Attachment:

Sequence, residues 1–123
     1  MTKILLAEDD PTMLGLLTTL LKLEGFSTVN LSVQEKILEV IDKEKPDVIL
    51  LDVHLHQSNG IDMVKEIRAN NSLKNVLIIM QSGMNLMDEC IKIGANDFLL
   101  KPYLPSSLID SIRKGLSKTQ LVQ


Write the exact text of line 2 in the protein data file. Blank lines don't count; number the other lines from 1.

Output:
     1  MTKILLAEDD PTMLGLLTTL LKLEGFSTVN LSVQEKILEV IDKEKPDVIL